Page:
Outcomes for women with ovarian cancer are slowly improving but the 5-year survival-rate is still only ~40%.
One barrier to improving outcomes is that ovarian cancer is currently treated as a single disease. We now understand that ovarian cancer is a complex, diverse disease comprising multiple distinct subtypes that vary considerably in their biological behaviour and response to standard treatments.
INOVATe (Individualised Ovarian Cancer Treatment Through Integration of Genomic Pathology into Multidisciplinary Care) is a research study that has been established to develop strategies to better define ovarian cancer patient subsets, based on tumour genomic profiling in conjunction with conventional histological subtyping, in an effort to optimise the selection of patients for novel molecularly-targeted clinical trials and ultimately to individualise treatment.
INOVATe is a multicentre, collaborative program that is open at 13 study sites across Sydney, including:
Led by Professor Anna deFazio, University of Sydney Chair of Translational Cancer Research, the program involves teams of researchers from the:
The study involves the collection of cancer tissue and blood samples from women diagnosed with ovarian cancer, along with detailed clinical data relating to their cancer diagnosis and treatment. Molecular profiling of the cancer tissue and correlation with clinical data will allow researchers to better understand the characteristics of ovarian cancer at diagnosis and also to understand changes that may occur over time.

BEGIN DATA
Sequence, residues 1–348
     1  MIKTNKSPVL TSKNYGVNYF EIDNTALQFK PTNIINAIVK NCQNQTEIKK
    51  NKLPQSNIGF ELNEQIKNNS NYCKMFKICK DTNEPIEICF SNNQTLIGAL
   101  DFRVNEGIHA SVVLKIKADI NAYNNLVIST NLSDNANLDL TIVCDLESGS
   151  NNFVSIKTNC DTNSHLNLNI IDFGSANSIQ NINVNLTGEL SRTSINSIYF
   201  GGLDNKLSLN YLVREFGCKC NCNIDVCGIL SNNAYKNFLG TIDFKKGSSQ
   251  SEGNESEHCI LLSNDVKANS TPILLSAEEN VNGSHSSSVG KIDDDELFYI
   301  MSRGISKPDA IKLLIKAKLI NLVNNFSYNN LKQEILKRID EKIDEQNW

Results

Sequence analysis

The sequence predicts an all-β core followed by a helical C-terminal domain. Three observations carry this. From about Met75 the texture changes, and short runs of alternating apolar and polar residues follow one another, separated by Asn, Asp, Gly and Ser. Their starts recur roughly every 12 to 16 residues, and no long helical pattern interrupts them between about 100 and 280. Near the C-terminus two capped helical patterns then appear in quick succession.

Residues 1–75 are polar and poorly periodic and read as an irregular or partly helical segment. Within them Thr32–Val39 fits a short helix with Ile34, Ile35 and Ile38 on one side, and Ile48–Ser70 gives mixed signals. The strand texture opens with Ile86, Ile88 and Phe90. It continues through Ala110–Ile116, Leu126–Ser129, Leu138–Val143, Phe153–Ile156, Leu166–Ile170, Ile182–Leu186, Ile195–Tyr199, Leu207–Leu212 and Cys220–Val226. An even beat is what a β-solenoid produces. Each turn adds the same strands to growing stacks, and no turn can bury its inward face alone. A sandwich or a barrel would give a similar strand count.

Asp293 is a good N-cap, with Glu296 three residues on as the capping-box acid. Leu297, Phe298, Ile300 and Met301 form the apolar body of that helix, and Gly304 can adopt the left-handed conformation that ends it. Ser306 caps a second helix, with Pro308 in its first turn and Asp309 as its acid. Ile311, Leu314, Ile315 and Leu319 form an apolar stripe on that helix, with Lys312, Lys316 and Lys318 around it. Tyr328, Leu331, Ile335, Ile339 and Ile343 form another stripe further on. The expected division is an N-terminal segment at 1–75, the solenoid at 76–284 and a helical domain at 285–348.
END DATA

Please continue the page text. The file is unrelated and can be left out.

A newly established Molecular Tumour Board and an online portal for the visualisation of molecular profiling results will enhance the multidisciplinary team’s ability to tailor treatment to suit the individual patient based on the molecular characteristics of their cancer cells.
The INOVATe program is funded by a Translational Program Grant from the Cancer Institute NSW.
The overarching goal of this research is to develop a personalised approach to the management of women with ovarian cancer based on genomic profiles of their tumours, and by using this information to incorporate novel therapeutic opportunities and new molecular targeted agents.
In this program, the processes will be developed for intensive molecular testing on primary tumours, samples collected at relapse (ascites and biopsies) and circulating tumour DNA. Genomic biomarkers to predict treatment response will be assessed and molecular testing will be used to assist in the selection of patients for clinical trials of targeted agents.
The specific aims of this program are:
- To integrate molecular pathology into current models of multidisciplinary care.
- To develop a framework for optimising patient management based on the premise that ‘ovarian cancer’ comprises a number of rare and distinct tumour subtypes rather than being a single disease entity.
- To facilitate the pipeline of novel therapies and more rational treatment recommendations, which are key to making progress in ovarian cancer.